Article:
Limited understanding of interactions between biogeochemistry and biodiversity represents a major obstacle to advancing empirical and theoretical ecology. To address this obstacle, we take a seldom used perspective, that is, we explore what is unknown about the patterns and processes of biogeochemistry, biodiversity and their inter-relationship. We draw widely from research on temperate forest ecosystems but use primarily the long-term data sets and experiments of a well studied forest ecosystem and LTER site: the Hubbard Brook Experimental Forest, New Hampshire. Specifically, we focus on the biogeochemistry of carbon, nitrogen, phosphorus and calcium, addressing what is unknown about how these basic biogeochemical cycles affect and are affected by biodiversity in the microbial, brown (forest floor), green (foliar) and blue (stream and pond) food webs. We address whether current sampling schemes (i.e., spatial and temporal scales) and concepts (e.g., pools, fluxes, species, functional groups) are those best suited to the integration of biogeochemistry and biodiversity, and we present testable hypotheses aimed at characterizing and quantifying biogeochemistry-biodiversity interactions and feedbacks over time and space.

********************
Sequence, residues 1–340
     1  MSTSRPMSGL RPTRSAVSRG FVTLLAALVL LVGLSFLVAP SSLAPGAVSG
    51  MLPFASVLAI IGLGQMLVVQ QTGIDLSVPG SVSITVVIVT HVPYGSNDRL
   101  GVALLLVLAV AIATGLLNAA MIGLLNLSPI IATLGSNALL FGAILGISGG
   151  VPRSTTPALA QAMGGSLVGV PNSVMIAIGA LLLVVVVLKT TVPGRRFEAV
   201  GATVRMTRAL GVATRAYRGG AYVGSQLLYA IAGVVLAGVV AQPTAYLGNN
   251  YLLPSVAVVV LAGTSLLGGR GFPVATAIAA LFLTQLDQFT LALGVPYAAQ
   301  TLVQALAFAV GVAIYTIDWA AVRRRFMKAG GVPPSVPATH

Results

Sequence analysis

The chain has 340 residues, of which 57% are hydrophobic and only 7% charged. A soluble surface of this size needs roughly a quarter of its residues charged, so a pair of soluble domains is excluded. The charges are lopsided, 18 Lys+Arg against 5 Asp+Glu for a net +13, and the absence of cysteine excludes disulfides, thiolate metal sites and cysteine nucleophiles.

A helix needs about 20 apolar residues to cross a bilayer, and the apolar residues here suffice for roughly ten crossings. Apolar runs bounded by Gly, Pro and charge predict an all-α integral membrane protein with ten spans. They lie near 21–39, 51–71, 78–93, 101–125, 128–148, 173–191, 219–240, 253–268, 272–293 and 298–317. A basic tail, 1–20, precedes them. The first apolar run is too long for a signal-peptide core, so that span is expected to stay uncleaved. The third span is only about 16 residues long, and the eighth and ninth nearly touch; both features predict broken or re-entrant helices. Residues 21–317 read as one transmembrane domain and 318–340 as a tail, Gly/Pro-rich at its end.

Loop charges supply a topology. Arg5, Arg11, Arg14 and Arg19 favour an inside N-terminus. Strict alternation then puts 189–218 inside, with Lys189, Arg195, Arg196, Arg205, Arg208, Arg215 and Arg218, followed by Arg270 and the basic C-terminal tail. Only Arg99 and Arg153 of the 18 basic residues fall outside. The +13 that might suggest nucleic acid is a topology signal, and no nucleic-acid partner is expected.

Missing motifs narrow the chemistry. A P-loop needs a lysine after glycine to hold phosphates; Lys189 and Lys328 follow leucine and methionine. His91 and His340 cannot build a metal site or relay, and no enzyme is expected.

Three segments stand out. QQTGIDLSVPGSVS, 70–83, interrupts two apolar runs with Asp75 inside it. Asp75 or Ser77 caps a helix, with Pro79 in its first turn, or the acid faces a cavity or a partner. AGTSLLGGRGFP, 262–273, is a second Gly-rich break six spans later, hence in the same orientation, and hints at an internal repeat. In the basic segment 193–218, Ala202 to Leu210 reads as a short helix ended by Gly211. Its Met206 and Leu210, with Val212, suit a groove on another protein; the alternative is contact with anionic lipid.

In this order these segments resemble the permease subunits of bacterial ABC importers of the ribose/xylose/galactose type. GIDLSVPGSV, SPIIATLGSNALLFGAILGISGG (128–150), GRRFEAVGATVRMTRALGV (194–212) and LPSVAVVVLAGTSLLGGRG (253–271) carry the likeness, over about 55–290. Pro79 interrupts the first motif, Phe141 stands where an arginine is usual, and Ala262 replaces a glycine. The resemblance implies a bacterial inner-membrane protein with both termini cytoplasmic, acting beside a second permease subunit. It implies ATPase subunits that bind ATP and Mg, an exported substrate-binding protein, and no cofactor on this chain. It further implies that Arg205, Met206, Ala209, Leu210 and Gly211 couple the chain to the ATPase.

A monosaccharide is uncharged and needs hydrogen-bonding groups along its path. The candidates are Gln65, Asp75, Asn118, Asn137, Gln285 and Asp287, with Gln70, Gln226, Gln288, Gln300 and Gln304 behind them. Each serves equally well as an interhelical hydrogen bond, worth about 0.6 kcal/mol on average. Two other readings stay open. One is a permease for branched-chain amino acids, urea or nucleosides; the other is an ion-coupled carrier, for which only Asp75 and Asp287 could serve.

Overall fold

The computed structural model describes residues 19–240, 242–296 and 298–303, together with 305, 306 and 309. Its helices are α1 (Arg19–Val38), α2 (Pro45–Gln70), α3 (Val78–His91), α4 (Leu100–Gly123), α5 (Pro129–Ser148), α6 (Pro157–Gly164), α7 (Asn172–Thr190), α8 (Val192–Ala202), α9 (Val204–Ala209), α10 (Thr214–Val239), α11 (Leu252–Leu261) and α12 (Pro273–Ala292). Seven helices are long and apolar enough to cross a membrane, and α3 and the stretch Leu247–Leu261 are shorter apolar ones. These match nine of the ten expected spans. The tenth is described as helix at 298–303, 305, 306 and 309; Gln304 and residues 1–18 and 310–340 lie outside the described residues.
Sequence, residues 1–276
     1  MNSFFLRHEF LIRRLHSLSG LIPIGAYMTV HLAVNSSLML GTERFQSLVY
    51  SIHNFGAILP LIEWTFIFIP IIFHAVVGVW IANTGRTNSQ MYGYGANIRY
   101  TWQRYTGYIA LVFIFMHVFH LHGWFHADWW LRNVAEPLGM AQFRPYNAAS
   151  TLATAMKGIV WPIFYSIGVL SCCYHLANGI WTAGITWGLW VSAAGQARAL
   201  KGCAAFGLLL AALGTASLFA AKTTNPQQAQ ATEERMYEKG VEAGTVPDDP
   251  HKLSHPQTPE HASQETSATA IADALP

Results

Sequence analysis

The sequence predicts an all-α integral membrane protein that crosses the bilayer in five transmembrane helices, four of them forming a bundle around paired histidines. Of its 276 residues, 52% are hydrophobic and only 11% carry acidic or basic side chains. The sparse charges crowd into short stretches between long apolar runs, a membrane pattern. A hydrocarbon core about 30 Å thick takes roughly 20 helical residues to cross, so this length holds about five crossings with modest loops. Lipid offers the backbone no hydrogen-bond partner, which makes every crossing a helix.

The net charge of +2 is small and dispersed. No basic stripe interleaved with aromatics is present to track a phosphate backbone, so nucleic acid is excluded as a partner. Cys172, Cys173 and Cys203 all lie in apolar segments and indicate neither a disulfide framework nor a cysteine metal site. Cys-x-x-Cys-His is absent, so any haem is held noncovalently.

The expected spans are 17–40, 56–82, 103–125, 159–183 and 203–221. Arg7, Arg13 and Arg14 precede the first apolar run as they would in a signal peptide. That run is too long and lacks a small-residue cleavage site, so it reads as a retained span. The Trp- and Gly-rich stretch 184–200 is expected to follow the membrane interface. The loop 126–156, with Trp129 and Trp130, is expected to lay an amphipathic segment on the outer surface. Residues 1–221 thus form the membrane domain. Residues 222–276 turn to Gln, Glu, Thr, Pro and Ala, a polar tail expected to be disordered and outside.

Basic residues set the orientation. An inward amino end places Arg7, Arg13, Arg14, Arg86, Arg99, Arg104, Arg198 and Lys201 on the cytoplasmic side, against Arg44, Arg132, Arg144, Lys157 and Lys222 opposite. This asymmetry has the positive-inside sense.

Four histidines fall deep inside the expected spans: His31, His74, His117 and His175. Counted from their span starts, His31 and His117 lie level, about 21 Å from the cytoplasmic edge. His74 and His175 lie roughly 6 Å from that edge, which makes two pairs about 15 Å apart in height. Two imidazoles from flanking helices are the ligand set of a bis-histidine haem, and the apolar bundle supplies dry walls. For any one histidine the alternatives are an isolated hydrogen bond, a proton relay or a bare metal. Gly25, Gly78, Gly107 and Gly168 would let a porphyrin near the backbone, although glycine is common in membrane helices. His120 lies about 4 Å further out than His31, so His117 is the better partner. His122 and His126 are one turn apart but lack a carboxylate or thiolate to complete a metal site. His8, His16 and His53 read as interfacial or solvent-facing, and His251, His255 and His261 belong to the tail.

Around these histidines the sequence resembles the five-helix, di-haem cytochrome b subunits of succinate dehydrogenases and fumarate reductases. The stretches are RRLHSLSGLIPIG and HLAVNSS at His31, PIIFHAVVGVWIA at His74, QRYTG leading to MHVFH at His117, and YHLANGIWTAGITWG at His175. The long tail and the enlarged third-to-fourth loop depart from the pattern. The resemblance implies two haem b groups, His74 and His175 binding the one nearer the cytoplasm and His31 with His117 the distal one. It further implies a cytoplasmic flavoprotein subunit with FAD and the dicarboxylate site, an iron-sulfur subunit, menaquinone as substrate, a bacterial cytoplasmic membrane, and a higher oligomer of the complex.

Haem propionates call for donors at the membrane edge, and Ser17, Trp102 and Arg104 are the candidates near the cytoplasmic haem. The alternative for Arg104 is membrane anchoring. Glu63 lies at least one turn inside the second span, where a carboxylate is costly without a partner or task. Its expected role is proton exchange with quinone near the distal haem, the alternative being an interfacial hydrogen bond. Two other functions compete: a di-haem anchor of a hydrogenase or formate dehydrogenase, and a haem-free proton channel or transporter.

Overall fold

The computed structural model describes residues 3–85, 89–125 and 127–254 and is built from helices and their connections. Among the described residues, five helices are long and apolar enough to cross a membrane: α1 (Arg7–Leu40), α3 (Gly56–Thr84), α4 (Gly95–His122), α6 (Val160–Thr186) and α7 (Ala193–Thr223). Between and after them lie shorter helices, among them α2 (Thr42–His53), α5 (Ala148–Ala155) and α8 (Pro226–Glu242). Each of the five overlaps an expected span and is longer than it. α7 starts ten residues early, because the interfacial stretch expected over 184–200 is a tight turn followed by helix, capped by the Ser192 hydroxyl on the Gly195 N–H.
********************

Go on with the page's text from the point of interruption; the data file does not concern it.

The following are major gaps in knowledge of ecosystem processes that currently preclude integration of biogeochemistry and biodiversity. The hydropedologic template is the foundation of ecosystem processes, but variation in biogeochemistry by soil units is largely unknown. This template sustains organisms from producers to decomposers that make up local biodiversity, but past research has produced landscape-level averages that may poorly represent the spatial heterogeneity that sustains system biodiversity. Each element assessed can affect some aspect of biodiversity, but in nearly all cases, the mechanism(s) by which these elements act alone or together to affect diversity is unknown, as are feedbacks between heterotroph activity and element cycling. Biodiversity is greatest in the microbial and brown food webs, but concomitantly taxonomic identities, population dynamics, species interactions and functional diversity are less well understood for these food webs – those most closely associated with energy flow and materials cycling. Additional knowledge gaps are identified, and we provide examples of focused monitoring, experiments and modeling that can be used to close some of these gaps. We conclude by presenting a novel view of ecosystem structure, as a mosaic of spatially nested trophic networks, which we may aid in the integration of biogeochemistry and biodiversity.